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Severe Fight Foreseen in Knesset over Bill on Electoral System

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The Legal Committee of the Israel Parliament approved today an electoral bill which would keep in effect the present system of proportional representation. The Mapai deputies on the committee immediately announced they would submit a minority amendment calling for American-style constituency voting when the bill is debated in the Knesset next Tuesday.

These two announcements set the stage for what may be one of the most significant parliamentary debates in Israel’s ten year history. Premier David Ben Gurion, long an advocate of the division of the country into 120 constituencies with Knesset members chosen locally on the basis of a plurality in the district, will be in the forefront of the battle. When the vote comes, it will be a roll call ballot with individuals expected to cut across party lines in their votes, The alarmed opposition–virtually every party in or out of the government–has summoned back to Israel deputies who are traveling abroad.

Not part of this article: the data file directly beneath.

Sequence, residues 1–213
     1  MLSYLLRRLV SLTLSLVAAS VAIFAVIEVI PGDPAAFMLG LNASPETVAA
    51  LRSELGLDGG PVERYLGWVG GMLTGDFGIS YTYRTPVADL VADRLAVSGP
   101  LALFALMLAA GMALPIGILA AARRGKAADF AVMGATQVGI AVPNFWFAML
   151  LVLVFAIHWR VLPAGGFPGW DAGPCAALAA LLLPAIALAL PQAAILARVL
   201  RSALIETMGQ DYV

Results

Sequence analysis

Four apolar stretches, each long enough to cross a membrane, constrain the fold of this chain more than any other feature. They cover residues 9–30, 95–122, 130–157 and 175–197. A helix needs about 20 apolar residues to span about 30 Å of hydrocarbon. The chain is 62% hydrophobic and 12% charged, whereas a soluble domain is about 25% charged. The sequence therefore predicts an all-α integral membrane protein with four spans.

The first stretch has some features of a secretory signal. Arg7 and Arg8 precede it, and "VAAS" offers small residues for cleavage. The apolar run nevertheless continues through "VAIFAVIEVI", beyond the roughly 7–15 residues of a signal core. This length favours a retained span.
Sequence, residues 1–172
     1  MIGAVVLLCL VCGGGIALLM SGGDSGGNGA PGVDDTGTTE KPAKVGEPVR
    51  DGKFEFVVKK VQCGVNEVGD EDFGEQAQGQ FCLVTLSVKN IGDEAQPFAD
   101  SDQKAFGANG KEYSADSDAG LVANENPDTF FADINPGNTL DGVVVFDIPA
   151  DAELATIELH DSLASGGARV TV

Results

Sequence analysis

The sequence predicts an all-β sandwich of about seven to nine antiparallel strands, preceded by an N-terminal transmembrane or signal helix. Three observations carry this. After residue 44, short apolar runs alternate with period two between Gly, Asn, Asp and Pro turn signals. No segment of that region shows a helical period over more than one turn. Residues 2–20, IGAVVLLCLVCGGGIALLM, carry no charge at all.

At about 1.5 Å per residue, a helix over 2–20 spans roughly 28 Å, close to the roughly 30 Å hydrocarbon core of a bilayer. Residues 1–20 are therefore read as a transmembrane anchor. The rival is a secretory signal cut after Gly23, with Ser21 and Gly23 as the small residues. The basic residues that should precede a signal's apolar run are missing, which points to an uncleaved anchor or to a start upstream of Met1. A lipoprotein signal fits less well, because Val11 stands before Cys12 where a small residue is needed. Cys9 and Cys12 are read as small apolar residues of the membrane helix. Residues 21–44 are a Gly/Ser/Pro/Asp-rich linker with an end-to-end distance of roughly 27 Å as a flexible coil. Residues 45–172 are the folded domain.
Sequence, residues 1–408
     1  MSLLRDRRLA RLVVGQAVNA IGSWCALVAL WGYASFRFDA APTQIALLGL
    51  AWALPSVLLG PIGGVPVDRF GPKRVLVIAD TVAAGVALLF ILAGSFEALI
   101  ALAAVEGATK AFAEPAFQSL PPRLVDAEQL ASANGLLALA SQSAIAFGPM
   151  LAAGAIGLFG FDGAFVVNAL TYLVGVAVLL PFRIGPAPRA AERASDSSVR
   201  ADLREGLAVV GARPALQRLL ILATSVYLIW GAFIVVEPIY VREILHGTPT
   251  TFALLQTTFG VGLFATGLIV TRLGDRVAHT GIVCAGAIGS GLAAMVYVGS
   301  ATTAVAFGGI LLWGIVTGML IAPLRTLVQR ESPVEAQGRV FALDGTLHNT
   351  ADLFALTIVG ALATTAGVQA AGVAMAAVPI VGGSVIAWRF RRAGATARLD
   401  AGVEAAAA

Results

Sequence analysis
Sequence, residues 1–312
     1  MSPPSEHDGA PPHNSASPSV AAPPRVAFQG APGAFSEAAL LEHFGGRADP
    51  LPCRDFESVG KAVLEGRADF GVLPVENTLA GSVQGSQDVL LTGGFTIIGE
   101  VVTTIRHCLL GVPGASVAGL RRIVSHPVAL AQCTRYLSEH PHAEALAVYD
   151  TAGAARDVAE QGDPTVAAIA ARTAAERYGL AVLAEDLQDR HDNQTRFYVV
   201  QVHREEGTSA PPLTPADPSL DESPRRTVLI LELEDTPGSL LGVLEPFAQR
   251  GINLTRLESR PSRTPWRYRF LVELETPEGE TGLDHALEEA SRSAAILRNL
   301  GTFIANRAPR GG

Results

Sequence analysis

Under the present arrangement, the entire country is a single district and the 120 seats in the Knesset are distributed in proportion to the votes received nationally by the ten political parties. The Prime Minister has argued that only a local election system can create a two-party system which he believes Israel needs and which is opposed by all parties except the General Zionists. Such a change would force the merger or elimination of most of the present parties.

The stage was set for a vote on the changeover when Baruch Azzania, Mapai deputy, submitted a constituency amendments a minor bill related to the next national elections. The General Zionists thereupon submitted a modified amendment which called for the creation of 90 local districts with the remaining 30 seats to be distributed on the present proportional basis.

The Azzania amendment is expected to be defeated and strategy then calls for the Mapai deputies to vote for the General Zionist amendment, the two parties providing a total of 58 votes or three short of a majority. If some deputies of the opposing parties are absent or abstain, while all Mapai and General Zionist deputies are present and vote affirmatively, the General Zionist amendment might become law.

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